By Paul Rauber
San Francisco, riding high on the tech boom, is one of the most expensive places in the country to live. The median rent for a one-bedroom apartment is $3,285, and if you want to buy a house you'd better be prepared to pay with cash.
But! If you want to rent this beautiful valley in Yosemite National Park and then drown it, it will only set you back $30,000 a year. That's how much San Francisco pays for the privilege of making its macchiatos with pristine Sierra water from Hetch Hetchy Reservoir, courtesy of the Raker Act, the 1913 law that authorized San Francisco to dam the Tuolomne River and flood the valley for its water supply. Opposing that sacrilege was Sierra Club founder John Muir's last great fight. "Dam Hetch Hetchy!" he thundered. "As well dam for water tanks the people's cathedrals and churches, for no holier temple has ever been consecrated by the heart of man."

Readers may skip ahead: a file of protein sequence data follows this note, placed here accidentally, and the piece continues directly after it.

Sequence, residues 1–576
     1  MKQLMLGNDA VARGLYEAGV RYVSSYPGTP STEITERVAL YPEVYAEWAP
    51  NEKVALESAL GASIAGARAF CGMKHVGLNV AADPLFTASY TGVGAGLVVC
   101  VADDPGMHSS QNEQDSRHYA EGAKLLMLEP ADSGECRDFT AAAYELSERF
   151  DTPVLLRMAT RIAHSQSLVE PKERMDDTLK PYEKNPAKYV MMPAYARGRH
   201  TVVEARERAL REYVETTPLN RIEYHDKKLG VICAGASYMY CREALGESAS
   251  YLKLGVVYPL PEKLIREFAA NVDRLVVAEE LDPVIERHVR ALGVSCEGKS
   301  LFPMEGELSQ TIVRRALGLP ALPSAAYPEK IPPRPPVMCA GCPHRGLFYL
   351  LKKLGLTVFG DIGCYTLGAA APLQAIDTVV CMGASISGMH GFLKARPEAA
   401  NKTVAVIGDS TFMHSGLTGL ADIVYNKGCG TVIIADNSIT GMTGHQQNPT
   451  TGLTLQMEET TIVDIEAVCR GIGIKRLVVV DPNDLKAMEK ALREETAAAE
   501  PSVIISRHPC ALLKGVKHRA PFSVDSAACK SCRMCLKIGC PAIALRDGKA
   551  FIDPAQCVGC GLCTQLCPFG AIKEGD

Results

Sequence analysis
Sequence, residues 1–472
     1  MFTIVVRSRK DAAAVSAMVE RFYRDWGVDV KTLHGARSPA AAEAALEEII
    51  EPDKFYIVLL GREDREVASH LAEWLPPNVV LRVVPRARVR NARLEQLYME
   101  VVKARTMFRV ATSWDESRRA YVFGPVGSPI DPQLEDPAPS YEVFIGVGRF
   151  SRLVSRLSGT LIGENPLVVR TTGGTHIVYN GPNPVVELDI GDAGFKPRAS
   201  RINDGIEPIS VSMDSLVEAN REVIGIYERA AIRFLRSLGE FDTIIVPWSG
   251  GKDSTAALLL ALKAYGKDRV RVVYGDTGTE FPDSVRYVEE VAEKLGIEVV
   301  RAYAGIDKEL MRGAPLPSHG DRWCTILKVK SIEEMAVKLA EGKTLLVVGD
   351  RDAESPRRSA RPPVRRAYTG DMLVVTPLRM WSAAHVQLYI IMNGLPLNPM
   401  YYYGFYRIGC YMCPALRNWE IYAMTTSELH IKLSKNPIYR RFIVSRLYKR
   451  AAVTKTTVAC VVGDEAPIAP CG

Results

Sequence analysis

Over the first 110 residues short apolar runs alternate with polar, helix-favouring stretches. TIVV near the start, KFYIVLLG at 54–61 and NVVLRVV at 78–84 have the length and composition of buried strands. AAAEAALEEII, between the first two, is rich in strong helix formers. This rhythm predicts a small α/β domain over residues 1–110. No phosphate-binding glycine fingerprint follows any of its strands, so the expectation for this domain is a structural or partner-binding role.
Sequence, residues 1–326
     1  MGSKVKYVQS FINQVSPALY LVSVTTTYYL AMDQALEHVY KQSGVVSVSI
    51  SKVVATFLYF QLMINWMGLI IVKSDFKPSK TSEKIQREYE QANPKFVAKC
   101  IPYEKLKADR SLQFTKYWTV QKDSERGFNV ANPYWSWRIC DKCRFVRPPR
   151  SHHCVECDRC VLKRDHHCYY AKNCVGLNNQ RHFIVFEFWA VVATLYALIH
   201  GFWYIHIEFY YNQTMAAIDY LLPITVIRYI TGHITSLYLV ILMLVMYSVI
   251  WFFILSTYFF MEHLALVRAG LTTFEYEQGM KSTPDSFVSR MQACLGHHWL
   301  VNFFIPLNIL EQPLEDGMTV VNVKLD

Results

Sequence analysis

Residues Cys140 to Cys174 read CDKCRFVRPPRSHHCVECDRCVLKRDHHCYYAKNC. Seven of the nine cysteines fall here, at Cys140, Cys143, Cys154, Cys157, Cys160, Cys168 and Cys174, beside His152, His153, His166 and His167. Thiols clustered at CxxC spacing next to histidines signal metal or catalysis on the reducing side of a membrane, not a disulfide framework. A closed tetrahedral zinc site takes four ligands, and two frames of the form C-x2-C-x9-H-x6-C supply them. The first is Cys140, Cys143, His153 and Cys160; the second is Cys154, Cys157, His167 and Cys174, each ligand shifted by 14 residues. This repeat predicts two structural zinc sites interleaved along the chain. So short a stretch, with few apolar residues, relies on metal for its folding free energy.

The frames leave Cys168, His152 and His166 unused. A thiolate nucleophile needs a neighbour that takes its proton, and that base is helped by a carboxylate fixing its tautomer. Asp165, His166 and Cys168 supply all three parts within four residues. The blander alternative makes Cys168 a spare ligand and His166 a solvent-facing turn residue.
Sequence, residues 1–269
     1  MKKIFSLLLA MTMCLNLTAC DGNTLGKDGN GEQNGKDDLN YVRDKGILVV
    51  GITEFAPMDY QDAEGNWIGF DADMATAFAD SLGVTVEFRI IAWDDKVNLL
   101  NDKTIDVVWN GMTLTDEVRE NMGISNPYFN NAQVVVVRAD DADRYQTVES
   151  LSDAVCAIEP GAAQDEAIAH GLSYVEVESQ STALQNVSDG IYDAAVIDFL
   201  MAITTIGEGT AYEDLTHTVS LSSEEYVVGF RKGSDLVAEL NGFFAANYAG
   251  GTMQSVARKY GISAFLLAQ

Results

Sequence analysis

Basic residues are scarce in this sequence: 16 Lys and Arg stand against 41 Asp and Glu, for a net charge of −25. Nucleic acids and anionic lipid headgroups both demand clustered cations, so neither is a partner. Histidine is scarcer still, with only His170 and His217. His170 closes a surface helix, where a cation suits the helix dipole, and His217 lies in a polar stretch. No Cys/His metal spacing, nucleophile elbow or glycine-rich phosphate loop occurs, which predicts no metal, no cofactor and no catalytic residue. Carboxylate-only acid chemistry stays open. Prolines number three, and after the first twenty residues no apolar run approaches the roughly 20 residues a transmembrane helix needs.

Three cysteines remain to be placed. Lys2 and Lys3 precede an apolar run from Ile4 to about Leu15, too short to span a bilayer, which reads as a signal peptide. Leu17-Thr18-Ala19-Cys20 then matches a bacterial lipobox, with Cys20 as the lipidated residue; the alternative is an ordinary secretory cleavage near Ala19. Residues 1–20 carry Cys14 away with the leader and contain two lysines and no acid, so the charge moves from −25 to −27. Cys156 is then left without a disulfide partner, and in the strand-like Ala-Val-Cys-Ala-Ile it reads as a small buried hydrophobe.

Since then there have been periodic proposals to return the flooded valley to its previous status of what Muir called "a wonderfully exact counterpart" of Yosemite Valley -- most notably, in 1987 by Ronald Reagan's Interior Secretary Donald Hodel. Despite the widespread view that the Interior Secretary was simply trolling liberal San Franciscans, the Sierra Club Board of Directors reaffirmed its "historic and fundamental opposition to the damming of the Tuolumne River in Yosemite National Park," and called upon "all interests to take an open minded, long view of this issue, and to study and assess alternatives to meeting their needs and concerns through alternative sources of water, power and revenues." George W. Bush similarly goosed San Franciscans in 2004 when it proposed that the rent the city pays for the valley be raised from $30,000 to $8 million per annum.
Today the flame is being kept alive by Restore Hetch Hetchy, which points out that San Francisco pays the equivalent of $20 an acre for the valley. The organization is now challenging its supporters to outbid San Francisco; you can do so here for the price of a couple of Hetch Hetchy macchiatos.
Hetch Hetchy Valley by Albert Bierstadt
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